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## Basis Functions in Coordinate Space

Now imagine that we have a problem where the wavefunction can be expanded as a sum of only two basis functions (admittedly unlikely, but perhaps useful for a single electron spin problem):

 (32)

This leads to the time-dependent Schrödinger equation (where we will suppress variables and t for convenience):

 (33)

How do we solve this equation? It's a coupled differential equation, similar to eq. 1 except that it's first-order instead of second order. Just as in the classical example, it's the coupling that makes it hard to solve! In the classical case, the answer to coupling was to get the eigenfunctions. What happens if we assume and to be eigenfunctions of ? In that case,
 = (34) = (35)

and the time-dependent equation becomes

 (36)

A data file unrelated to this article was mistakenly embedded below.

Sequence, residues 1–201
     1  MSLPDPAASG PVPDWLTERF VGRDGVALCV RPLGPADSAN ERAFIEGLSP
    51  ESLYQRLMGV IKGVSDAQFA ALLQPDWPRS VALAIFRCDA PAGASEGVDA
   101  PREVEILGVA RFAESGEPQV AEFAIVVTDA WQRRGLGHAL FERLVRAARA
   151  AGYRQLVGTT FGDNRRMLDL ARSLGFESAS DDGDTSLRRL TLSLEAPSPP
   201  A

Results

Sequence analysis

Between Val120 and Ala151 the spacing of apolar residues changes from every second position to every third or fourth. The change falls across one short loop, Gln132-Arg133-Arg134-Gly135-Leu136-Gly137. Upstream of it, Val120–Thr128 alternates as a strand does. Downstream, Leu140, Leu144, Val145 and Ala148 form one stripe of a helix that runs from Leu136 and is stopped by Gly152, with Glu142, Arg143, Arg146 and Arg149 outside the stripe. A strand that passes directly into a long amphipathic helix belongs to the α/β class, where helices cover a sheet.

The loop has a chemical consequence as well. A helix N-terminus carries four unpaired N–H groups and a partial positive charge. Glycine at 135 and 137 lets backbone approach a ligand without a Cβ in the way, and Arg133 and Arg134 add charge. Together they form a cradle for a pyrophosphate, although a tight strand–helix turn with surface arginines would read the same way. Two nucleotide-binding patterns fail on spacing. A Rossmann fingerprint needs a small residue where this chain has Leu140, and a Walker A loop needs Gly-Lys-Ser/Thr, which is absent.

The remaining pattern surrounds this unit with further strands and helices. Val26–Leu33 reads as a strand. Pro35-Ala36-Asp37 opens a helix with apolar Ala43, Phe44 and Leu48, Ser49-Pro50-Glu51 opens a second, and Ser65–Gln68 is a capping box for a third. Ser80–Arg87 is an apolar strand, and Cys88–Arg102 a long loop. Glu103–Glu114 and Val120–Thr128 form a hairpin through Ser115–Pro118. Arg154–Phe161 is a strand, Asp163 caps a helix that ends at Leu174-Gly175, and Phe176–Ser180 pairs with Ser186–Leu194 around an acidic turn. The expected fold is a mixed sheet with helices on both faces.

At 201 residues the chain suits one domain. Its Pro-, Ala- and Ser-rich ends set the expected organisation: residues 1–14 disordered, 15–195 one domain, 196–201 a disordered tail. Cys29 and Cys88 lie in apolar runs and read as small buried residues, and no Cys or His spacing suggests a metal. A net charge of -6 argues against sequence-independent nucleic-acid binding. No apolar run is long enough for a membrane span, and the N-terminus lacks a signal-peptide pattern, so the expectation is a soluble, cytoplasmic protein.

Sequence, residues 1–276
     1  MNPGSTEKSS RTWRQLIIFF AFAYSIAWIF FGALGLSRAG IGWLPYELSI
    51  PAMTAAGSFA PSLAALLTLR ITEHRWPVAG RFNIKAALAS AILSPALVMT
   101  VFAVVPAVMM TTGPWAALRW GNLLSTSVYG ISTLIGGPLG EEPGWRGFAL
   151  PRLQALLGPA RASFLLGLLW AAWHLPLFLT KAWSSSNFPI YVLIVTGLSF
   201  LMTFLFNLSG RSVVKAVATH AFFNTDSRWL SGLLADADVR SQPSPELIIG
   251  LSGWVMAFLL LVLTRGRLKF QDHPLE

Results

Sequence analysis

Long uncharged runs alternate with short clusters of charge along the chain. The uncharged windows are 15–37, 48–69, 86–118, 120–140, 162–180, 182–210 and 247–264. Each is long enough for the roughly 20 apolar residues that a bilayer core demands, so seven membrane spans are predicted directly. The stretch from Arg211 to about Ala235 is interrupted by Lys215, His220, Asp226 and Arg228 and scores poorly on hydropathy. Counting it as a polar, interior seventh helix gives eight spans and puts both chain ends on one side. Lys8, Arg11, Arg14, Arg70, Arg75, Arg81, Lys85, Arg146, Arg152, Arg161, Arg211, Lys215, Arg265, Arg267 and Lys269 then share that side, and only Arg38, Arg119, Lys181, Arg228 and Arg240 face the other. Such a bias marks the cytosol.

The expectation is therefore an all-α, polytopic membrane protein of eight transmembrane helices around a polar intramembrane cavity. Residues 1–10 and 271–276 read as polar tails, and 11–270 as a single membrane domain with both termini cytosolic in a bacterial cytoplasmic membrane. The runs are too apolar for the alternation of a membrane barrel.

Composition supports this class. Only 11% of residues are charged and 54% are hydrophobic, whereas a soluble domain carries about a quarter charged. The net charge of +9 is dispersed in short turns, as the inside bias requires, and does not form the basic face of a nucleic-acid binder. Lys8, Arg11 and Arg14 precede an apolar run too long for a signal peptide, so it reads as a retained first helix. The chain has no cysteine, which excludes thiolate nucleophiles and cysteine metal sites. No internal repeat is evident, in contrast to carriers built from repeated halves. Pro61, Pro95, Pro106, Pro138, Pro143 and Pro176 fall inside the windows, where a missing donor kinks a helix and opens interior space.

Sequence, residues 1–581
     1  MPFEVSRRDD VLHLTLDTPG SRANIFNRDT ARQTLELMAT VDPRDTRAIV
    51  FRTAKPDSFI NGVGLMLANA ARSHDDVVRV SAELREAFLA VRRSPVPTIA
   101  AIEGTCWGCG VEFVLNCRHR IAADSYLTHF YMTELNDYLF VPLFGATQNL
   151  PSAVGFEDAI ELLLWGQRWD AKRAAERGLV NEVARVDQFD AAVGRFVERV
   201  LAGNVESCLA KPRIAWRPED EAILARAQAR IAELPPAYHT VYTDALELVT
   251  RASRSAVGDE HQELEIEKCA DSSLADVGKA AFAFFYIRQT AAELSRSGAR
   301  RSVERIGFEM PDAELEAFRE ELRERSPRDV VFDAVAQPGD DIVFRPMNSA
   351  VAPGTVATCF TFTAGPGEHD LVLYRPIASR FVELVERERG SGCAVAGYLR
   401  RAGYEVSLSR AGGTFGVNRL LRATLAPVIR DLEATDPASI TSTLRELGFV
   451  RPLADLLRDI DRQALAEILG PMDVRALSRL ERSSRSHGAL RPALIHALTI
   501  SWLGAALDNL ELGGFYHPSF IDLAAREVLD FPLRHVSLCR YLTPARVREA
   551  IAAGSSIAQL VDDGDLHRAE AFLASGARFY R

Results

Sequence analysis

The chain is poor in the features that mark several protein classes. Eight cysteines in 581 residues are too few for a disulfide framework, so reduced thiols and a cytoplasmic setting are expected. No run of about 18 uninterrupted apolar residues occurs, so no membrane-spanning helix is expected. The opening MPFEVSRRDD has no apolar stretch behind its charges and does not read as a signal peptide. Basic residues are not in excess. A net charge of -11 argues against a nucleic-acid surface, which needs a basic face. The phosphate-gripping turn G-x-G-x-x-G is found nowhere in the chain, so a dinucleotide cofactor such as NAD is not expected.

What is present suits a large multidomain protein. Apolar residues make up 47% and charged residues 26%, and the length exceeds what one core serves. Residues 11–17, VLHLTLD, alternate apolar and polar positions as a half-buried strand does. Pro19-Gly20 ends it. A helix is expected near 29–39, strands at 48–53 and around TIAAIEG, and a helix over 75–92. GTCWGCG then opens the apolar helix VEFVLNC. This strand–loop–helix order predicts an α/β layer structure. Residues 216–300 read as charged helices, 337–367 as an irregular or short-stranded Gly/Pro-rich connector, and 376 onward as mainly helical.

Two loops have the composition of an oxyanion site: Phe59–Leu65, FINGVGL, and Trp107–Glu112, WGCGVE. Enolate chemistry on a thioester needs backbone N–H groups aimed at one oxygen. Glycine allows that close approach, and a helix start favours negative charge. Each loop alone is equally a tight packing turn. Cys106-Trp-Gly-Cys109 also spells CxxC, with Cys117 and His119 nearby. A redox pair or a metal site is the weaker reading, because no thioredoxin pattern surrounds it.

Furthermore, since the eigenvectors of a Hermitian operator are or can be made orthogonal, we can multiply by and and integrate over dr to obtain
 = c1 E1 (37) = c2 E2 (38)

which are simple first-order differential equations solved by

 c1(t) = (39) c2(t) = (40)

as you can verify by substituting and differentiating.

But what if our original wavefunction is not given as a linear combination of eigenfunctions? A good strategy is to re-write it so that it is! In the coordinate representation (i.e., space), we can get the coefficients ci(0) in an expansion over orthogonal eigenfunctions simply as

 (41)

The other strategy would be to try to re-write the propagator in the original basis set. In the problems we do, we will usually use the first approach.

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C. David Sherrill
2000-05-02